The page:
What Kind of Worms Can Be Transmitted From Dogs to People?

by Catherine Troiano
Young children are especially at risk for contracting zoonotic parasites.

Young children are especially at risk for contracting zoonotic parasites.

Ryan McVay/Digital Vision/Getty Images

Intestinal parasites are common findings in dogs and puppies. Some intestinal parasites are zoonotic, meaning that they are transmissible to humans. This is particularly concerning in families with young children who tend to handle things indiscriminately and then place their fingers into their mouths. Whipworms and Isospora, or Coccidia, are two common intestinal parasites that are not zoonotic, but there are others that can affect you and your family. Fortunately, intestinal parasites in dogs are easy to treat, and steps can be taken to prevent future infections.

The Common Roundworm

Toxocara canis, also known as roundworms, are the most commonly found intestinal parasites in dogs. There are four possible routes of transmission to dogs. One route is ingestion of roundworm eggs from the soil. Dogs who hunt and consume infected prey can contract the parasites. Pregnant dogs who are infected can pass roundworms to their developing fetuses. Mother dogs who are nursing can pass the roundworm infection to their puppies through the milk. Performing a fecal flotation analysis of the dog’s stool will confirm the presence of roundworm eggs. When a human contracts roundworms, the parasite attempts to live out its life cycle. Since its usual host is a dog, the roundworm gets lost as migrates through the human body, and it typically ends up in the eye. This condition is called visceral larva migrans. Permanent partial blindness results if the roundworm dies within the human eye.

The Blood-Sucking Hookworm

Ancylostoma caninum, or hookworms, are bloodsucking intestinal parasites. Female hookworms shed their eggs, which are passed through the dog’s feces into the environment. Another host ingests the larvae, and then the larvae migrate through the body until they take up residence in the host’s gastrointestinal tract to mature. Rodents and birds also can serve as hosts. If a dog consumes one of these infected animals, he will contract the hookworm infection. Larvae in the soil can infect a host by seeping through the skin and entering the bloodstream. Pregnant dogs can pass the hookworms to their unborn puppies, and nursing mothers can infect their puppies with their contaminated milk. A fecal flotation analysis on the dog’s stool will confirm the presence of hookworm eggs. Hookworms can infect humans by penetrating the skin, resulting in an intensely itchy condition called cutaneous larva migrans. Humans also can contract hookworms through ingestion.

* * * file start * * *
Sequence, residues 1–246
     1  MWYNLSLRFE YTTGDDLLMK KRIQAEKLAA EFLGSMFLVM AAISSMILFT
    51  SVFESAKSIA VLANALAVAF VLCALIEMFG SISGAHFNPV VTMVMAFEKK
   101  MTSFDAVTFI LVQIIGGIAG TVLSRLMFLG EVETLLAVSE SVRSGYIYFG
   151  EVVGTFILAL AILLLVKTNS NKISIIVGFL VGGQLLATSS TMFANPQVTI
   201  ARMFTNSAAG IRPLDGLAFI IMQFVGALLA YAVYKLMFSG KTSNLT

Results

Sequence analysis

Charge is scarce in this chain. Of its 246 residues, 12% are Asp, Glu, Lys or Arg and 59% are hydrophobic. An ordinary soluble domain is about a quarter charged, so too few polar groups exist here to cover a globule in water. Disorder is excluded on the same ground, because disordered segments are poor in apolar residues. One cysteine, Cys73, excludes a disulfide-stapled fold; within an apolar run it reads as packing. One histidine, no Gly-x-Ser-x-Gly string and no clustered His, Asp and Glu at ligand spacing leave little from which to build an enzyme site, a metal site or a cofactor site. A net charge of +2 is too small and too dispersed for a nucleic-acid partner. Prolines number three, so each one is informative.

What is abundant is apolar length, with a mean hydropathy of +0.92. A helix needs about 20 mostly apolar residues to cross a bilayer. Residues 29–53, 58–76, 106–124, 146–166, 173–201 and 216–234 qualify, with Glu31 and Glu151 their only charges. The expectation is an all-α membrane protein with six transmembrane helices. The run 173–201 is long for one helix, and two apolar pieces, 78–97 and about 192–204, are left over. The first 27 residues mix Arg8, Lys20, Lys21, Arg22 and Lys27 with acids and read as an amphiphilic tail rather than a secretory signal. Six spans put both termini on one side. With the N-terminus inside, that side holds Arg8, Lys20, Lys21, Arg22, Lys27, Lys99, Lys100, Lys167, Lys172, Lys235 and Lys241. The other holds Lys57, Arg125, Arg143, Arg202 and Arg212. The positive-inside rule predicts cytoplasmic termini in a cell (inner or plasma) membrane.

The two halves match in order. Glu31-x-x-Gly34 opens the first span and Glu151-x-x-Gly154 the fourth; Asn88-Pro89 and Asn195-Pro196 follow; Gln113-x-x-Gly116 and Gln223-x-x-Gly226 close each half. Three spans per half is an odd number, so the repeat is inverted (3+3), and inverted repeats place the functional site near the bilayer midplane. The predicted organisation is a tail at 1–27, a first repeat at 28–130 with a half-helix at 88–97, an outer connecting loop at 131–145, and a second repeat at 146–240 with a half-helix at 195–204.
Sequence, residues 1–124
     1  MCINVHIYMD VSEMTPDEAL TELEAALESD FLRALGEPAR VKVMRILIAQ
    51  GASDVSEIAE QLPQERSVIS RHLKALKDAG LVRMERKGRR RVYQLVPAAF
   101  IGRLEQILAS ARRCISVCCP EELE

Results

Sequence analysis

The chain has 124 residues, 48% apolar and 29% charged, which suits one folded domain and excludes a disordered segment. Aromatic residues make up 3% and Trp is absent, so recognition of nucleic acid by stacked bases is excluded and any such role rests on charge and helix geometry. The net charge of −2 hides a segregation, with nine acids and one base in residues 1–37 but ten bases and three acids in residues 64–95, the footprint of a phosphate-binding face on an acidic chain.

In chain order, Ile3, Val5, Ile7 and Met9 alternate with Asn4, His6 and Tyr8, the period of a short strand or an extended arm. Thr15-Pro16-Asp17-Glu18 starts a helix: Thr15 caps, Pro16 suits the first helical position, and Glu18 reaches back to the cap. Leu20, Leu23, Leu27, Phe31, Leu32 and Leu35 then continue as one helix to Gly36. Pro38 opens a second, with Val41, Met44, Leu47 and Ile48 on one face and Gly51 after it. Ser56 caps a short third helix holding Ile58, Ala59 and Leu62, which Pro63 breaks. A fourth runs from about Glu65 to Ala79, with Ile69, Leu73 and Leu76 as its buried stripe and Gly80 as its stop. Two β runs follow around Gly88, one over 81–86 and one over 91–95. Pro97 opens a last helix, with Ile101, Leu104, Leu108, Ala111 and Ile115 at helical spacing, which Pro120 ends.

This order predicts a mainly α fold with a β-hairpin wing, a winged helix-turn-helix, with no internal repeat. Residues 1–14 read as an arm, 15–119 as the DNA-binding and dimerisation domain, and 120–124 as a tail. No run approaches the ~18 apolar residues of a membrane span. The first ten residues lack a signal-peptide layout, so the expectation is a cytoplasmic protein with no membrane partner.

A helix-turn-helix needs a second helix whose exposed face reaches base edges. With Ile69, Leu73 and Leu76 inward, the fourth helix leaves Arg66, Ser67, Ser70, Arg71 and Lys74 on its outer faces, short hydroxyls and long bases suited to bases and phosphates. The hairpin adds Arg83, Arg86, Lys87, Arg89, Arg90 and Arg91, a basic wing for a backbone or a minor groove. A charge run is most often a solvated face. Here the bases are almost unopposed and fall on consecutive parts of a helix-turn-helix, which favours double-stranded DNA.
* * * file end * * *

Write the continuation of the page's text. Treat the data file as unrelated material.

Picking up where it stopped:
The Giardia Protozoan

Giardia is a protozoan intestinal parasite that is contracted through ingestion. The most common sources of giardia are stagnant and contaminated water. Once consumed, the giardia infection results in diarrhea and weight loss. Cysts are shed in the diarrhea to contaminate the environment and infect a new host. A giardia infection compromises the intestinal linings ability to absorb vitamins and nutrients. Microscopic examination of a direct fecal smear or of a sample that has been stained with iodine can reveal the presence of giardia. Another diagnostic method is a fecal flotation test performed with zinc sulfate as the floating medium used to reveal giardia cysts. A giardia ELISA test kit is now available as an easy method to diagnose giardia quickly. The giardia type that typically infects humans is different from that which infects dogs, but contact with the feces from an infected pet or human and subsequent ingestion of the parasite results in humans and animals alike contracting the giardia infection. Seek treatment is you think you or your dog has contracted giardia.

Prevention Future Infection

While your dog or puppy is being treated for intestinal parasites, be diligent that everyone in the household, particularly children, pregnant women, the elderly and those with compromised immune systems, practice frequent and thorough hand-washing hygiene. Avoid allowing the dog to lick people’s faces. Ask your veterinarian to recommend a shampoo to clean fecal residue from your dog’s coat. While wearing gloves, clean up all fecal material from the yard when your dog eliminates. If your puppy has an accident in the home, scrub surfaces with a mixture of water and bleach, if possible. Once your dog has been treated, ask your veterinarian about a monthly heartworm preventative that also prevents some of the common intestinal parasites. If you dog is sick with any of these parasites, always seek medical attention.

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